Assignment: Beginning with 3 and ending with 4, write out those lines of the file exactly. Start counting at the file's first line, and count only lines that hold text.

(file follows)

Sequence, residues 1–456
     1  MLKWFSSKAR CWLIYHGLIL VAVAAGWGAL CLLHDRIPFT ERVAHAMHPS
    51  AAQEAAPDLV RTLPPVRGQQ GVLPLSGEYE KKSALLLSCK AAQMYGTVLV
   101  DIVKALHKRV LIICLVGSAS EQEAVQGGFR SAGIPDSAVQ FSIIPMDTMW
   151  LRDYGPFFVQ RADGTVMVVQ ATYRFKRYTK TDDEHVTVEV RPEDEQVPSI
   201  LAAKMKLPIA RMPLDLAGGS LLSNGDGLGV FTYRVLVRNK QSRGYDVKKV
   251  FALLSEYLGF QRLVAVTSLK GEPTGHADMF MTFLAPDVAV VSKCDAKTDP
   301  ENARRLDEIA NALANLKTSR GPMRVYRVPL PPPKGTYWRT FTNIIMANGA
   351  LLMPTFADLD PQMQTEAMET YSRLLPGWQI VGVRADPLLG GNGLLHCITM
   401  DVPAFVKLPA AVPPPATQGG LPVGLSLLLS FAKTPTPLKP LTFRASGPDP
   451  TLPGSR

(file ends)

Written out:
    51  AAQEAAPDLV RTLPPVRGQQ GVLPLSGEYE KKSALLLSCK AAQMYGTVLV
   101  DIVKALHKRV LIICLVGSAS EQEAVQGGFR SAGIPDSAVQ FSIIPMDTMW